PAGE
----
It is common knowledge that water in the wrong places can be destructive to a home. Shower ceilings’ susceptibility to water damage can make them a costly problem waiting to happen if you don’t take steps to avoid it.
While technically, you are not required to waterproof your shower ceiling, failure to do so is likely to have negative consequences because most ceiling materials are not in themselves waterproof.
Waterproofing shower ceilings isn’t mandatory as per building codes. But it’s highly recommended. Even waterproof ceiling materials have joins and seams where water can penetrate. The ceiling can suffer water damage, and there are wires, metal pipes, and insulation in ceilings that will suffer from being wet.
Shower Ceiling Waterproofing Is Not Mandatory
The International Residential Code (IRC) serves as a guideline in the construction and maintenance of residential buildings.
Those familiar with the IRC’s thoroughness might be surprised to learn that they make no mention of shower ceiling waterproofing. Regardless, it is almost indisputable that shower ceilings are better when they are waterproofed.
It Is a Good Idea
The occasional splash and large amounts of steam make shower ceilings highly susceptible to mold and moisture damage.
Mold growth on surfaces exposed to as much moisture as shower ceilings can happen quite suddenly. On top of being just plain off-putting and odorous, mold is toxic to breathe in. Doing so can cause respiratory issues.
The constant moisture on a ceiling that is not waterproof will also have aesthetic consequences like peeling paint and water spots.
Most importantly, the integrity of your house will suffer. Extensive water damage can cause ceilings to sag and even collapse. And if there is damage to the ceiling of the first story of a two-story home, the floor above it will be weaker and will likely further the damage to the ceiling below.
Chances are, damage to your ceiling will have a costly repair. Water damage, especially in a ceiling, is a serious problem that will usually require professional attention. But it is also very preventable, and you don’t need to tear out and replace your ceiling to protect your home.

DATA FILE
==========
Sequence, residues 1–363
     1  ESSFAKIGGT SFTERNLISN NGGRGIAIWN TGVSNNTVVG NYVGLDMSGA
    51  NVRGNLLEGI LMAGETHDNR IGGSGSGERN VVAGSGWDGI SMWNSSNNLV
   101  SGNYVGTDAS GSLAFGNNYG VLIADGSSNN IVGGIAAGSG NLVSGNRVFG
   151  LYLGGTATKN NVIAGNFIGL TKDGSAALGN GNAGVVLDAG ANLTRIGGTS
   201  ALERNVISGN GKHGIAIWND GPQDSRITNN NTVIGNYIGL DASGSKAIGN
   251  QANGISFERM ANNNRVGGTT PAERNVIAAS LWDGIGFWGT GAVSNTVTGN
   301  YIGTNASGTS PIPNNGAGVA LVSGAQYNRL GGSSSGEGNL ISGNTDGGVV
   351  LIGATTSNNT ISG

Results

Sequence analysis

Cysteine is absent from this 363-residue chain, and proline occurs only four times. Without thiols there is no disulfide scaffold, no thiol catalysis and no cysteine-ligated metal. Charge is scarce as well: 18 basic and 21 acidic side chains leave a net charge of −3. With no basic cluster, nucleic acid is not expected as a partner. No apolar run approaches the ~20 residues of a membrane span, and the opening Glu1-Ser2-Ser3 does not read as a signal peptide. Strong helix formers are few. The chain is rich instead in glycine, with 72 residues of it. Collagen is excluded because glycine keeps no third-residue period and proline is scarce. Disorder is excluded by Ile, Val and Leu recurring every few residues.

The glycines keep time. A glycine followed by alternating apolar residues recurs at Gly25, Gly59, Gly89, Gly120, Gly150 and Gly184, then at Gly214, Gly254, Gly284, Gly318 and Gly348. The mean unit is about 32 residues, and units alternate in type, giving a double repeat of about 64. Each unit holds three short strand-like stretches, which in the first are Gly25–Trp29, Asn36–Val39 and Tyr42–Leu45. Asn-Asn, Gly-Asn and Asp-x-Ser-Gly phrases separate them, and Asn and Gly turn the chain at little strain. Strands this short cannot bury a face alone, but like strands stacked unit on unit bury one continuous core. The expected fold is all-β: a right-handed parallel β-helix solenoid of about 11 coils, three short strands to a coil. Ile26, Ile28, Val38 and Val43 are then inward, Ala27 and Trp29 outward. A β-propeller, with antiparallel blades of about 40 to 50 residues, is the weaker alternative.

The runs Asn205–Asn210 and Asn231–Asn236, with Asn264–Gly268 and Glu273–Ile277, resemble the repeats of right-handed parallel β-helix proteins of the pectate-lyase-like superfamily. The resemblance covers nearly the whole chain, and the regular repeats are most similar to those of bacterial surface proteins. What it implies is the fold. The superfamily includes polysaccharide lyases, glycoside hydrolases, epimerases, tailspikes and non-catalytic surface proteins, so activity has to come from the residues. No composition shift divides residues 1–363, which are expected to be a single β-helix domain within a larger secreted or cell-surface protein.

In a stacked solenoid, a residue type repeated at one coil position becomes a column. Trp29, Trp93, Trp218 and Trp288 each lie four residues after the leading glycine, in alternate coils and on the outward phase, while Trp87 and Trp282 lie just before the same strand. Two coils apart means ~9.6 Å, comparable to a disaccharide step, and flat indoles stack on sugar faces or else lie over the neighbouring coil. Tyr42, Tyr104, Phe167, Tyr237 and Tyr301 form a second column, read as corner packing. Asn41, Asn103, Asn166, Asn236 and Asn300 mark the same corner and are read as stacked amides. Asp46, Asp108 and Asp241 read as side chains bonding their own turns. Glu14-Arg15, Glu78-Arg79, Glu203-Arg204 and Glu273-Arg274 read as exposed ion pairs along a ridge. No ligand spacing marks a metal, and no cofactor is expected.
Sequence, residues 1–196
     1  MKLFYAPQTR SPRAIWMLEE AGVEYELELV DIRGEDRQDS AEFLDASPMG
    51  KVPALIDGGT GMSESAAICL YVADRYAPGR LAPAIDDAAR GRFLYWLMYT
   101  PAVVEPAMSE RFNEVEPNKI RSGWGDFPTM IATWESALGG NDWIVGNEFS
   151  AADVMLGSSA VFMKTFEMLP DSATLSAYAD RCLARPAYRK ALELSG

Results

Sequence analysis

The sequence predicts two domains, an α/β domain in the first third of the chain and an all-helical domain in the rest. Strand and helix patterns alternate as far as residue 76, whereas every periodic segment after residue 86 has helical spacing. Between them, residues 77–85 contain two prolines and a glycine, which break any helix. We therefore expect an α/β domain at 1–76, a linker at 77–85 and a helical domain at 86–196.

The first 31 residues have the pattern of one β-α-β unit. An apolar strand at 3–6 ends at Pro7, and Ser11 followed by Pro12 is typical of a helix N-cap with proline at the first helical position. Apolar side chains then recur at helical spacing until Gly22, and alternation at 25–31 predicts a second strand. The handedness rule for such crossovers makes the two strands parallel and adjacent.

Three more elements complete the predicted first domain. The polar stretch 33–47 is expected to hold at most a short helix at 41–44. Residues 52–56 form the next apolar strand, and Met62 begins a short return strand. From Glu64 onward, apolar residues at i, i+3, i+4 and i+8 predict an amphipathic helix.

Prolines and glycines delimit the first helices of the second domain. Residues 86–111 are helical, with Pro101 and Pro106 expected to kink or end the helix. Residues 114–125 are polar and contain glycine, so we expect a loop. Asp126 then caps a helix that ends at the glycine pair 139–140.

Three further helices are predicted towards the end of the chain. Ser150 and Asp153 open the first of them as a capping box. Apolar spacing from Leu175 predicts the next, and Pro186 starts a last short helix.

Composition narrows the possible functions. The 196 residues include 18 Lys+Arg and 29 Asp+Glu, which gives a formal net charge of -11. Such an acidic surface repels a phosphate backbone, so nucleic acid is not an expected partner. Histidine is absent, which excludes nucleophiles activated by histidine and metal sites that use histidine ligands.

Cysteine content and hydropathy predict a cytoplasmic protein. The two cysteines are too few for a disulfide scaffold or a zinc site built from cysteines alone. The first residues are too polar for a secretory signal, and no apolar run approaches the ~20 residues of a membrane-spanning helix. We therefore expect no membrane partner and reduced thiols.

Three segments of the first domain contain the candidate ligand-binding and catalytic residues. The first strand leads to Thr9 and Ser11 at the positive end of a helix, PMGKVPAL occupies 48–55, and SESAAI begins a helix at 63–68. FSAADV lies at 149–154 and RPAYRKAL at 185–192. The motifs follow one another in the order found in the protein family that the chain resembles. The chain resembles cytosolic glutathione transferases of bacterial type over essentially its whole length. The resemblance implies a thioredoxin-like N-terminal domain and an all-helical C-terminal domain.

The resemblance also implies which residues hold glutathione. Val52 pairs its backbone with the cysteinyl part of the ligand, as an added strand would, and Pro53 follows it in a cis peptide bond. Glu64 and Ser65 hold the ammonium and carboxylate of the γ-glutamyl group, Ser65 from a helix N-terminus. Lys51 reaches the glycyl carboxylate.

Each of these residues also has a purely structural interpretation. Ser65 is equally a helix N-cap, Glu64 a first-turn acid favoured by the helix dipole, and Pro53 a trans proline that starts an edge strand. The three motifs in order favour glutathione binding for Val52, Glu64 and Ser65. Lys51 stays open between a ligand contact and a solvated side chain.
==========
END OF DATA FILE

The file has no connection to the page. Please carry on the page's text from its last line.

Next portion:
Then there are issues surrounding the pipes and wires that run above the ceiling. These can be damaged by water and lead to very severe consequences.
What Type of Waterproofing Is Best?
After you have decided that you want to waterproof your shower ceiling, it is important to know about the options you have, namely sheet membranes and liquid membranes.
Waterproof Sheet Membranes
Waterproof sheet membranes are a very popular form of waterproofing for shower ceilings. This method of waterproofing consists of applying a thin layer of material between a hard ceiling backing and the actual ceiling material.
Applying a waterproof membrane to a ceiling is quite simple.
- Apply thin-set to the hard ceiling backing.
- Unroll the correct amount of membrane material and press it over the thin-set.
- Allow it to dry.
Pros of waterproof membranes:
- Sheets are affordable (roughly $0.42 per square foot).
- Can usually be DIYed.
- Waterproofs your shower for 10 years +.
Cons of waterproof membranes:
- It can be difficult trying to get the sheets onto the ceiling, particularly if you are working alone.
Waterproofing Liquid Membranes
Oil or latex-based primer is a liquid that applies to your ceiling like paint. Being that the primer itself is water-resistant, it will provide a layer of protection to your actual ceiling.
You can find primer at almost any hardware store. If you are not a DIYer, this option will likely be more attractive, as the installation is very simple, and at no cost to efficacy.
To apply waterproofing primer:
- Clean the drywall using a microfiber cloth (amazon link).
- Once clean, simply apply the primer in a thin layer using a paintbrush or roller brush.
- Allow it to dry.
Pros of waterproofing primer:
- Easy installation (no need to go into the attic or tear out the ceiling).
- Low cost ($10-$20 per quart).
Cons of waterproofing primer:
- There is a greater risk of uneven application with a liquid waterproofer. This can leave some patches of ceiling insufficiently protected.
Are There Any Waterproof Ceiling Materials?
There are waterproof ceiling materials out there. There are a few waterproof paints, PVC cladding, PVC ceiling tiles, etc. However, while these materials may be waterproof, there are still seams and joints exposed through which water can penetrate. These need to be sealed with a waterproof membrane.
Then what’s the point of a waterproof ceiling material?
Well, if you install a sheet membrane in the attic, the side of the ceiling that is exposed to the shower is still going to get wet. Yes, water can’t go any further, but who wants a crumbling and water-stained shower ceiling? Not me!
Furthermore, because something like regular drywall is not designed for use in wet areas, even if you waterproof it with a sheet membrane or a liquid membrane like Redgard, there is still a risk to this as well as contravention of acceptable practice.